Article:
Wednesday, January 26, 2011



During the 80’s and 90’s Bob (my brother-in-law) and I could be found most Friday afternoons on the Good Life, a 31foot Formula Cabin Cruiser, and later a 34 foot Wellcraft. 

We usually used it to go up and down the Intracoastal with various buddies of ours and then have dinner at a dockside restaurant like Shooters in Fort Lauderdale.

The wives and family would go out with us on Saturdays and Sundays, but not on Friday which they reserved for having dinner with my father-in-law.

We once tried sailing instead of power boating, but found it to be too much work and too slow. 

The event that convinced us to abandon sailing, was when we were out in Biscayne Bay with our wives, and wanted to go get dinner and a drink.  It took us an hour!  Way too long.

We used the boat for various recreational activities like scuba diving, occasional trips to Miami and the Keyes, anchoring off and swimming with the family and friends and taking part in the Boat Parades.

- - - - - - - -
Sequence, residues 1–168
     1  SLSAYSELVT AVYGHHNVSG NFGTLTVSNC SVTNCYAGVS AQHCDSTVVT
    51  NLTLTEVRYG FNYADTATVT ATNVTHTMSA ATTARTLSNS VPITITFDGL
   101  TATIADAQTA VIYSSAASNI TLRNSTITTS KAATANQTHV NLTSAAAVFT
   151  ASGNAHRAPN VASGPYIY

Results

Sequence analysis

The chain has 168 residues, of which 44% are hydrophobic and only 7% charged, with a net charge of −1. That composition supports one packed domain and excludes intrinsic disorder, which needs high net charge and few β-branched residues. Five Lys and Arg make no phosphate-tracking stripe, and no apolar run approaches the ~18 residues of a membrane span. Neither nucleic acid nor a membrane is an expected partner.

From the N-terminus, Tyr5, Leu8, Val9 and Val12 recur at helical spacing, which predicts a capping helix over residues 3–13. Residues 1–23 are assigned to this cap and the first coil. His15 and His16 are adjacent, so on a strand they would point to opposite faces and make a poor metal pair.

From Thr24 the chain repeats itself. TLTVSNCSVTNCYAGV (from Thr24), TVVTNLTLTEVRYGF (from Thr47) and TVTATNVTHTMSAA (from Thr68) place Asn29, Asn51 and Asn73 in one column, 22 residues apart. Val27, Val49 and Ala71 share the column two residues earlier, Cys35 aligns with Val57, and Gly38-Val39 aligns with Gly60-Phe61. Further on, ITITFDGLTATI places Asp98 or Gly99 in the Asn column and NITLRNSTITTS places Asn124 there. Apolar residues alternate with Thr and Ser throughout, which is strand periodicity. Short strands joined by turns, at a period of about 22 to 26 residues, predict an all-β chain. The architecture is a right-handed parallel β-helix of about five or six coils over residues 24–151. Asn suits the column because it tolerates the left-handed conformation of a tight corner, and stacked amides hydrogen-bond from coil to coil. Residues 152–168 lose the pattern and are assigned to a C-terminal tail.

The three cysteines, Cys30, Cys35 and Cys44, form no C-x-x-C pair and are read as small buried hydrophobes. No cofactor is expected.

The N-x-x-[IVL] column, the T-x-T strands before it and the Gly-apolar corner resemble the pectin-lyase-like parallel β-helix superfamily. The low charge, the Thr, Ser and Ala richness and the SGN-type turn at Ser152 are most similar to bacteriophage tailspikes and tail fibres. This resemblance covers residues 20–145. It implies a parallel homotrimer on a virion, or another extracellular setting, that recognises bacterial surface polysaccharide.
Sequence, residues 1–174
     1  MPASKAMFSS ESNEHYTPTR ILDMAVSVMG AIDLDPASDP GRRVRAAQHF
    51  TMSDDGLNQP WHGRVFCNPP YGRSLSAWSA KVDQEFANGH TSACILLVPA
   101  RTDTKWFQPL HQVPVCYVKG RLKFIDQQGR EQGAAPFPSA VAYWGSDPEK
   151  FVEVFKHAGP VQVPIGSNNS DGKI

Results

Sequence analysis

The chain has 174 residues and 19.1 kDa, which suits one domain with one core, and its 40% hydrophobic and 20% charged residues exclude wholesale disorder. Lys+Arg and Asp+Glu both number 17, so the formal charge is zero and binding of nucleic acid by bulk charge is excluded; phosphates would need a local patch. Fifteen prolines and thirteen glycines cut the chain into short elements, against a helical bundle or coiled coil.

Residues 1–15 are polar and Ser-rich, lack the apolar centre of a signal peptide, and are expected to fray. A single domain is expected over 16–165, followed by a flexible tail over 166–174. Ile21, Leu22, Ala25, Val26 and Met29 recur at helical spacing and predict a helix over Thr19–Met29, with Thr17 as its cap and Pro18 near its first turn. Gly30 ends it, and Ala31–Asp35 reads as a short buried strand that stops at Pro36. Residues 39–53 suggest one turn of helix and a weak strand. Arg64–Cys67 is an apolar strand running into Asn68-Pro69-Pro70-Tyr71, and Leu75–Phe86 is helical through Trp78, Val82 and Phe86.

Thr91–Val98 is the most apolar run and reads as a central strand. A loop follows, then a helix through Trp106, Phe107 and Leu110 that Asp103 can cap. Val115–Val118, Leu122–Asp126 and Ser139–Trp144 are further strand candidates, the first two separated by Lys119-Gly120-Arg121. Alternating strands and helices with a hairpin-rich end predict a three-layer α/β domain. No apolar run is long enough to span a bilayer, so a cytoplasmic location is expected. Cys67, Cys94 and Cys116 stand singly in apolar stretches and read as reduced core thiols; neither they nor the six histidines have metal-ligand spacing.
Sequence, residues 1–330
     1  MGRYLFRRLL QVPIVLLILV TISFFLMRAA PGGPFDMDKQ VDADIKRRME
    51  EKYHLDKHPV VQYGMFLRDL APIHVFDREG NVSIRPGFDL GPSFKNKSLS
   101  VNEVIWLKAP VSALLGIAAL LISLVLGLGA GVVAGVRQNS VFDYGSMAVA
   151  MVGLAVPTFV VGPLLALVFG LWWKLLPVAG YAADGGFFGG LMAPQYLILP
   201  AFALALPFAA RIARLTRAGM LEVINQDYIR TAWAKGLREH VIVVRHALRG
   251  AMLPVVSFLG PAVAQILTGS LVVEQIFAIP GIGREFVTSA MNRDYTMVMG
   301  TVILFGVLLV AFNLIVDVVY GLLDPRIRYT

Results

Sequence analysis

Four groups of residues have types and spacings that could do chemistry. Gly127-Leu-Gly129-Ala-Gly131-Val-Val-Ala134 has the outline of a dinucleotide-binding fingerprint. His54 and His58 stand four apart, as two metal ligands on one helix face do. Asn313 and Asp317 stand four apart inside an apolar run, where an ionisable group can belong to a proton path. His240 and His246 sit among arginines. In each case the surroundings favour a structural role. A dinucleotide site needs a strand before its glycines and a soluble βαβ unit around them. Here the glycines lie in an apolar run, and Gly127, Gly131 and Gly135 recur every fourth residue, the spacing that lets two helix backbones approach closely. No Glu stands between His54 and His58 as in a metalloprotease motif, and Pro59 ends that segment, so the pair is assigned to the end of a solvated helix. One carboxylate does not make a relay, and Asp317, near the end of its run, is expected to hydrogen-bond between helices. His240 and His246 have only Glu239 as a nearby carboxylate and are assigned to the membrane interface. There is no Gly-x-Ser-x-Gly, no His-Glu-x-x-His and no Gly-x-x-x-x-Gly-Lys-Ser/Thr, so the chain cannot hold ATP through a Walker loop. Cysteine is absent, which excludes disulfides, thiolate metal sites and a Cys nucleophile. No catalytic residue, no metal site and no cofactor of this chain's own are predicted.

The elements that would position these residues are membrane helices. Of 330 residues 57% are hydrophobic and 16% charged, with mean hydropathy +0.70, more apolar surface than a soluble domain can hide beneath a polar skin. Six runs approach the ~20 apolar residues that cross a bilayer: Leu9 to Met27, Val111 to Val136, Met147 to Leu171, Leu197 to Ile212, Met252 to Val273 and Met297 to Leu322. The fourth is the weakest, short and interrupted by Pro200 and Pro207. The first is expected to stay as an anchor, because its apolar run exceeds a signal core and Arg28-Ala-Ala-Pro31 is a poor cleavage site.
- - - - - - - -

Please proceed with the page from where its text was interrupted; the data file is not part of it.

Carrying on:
We did contemplate fishing as something we could do with the boat.

To that end, we bought expensive fishing equipment and tried to catch fish. 

No luck.

We sought advice.

Various fishermen told us we were going out at the wrong time (usually 2 PM), going to the wrong place and various other reasons why they felt we weren’t successful. 

We tried various remedies that “experts” suggested (except getting up early) to no avail.

I always felt it was because we didn’t drink beer.

I noticed that all the successful fishermen always drank a lot of beer and usually had the empty cans scattered around the boats. The fish recognized this as belonging to “real fisherman” and thus were attracted to their boats and bait.

We tended to have wine, cocktails and champagne.  I believe the fish knew the difference.  They knew we weren’t real fisherman because of the lack of beer cans.  The fish didn’t take us seriously and wouldn’t take the bait.

The next time we went, I took along some empty beer cans.

Lo and behold we caught a fish. 

It was a barracuda, but still a fish.  We had to cut the line and throw it back.

We didn’t catch anything else that day and went to dinner.

And so we continued.

Various “experts” came with us, but to no avail.  I still felt it was the “Beer Theory” that was keeping us fishless. 

We even contemplated cheating by buying fish at the fish store and claiming we caught it.

Bob eventually caught a Kingfish, not really good eating, but an edible fish.

We were all excited until we figured out that when we took into account the amount of money we spent on equipment, gas, etc., the fish cost us $500 a pound!

We went back to dining and cruising.

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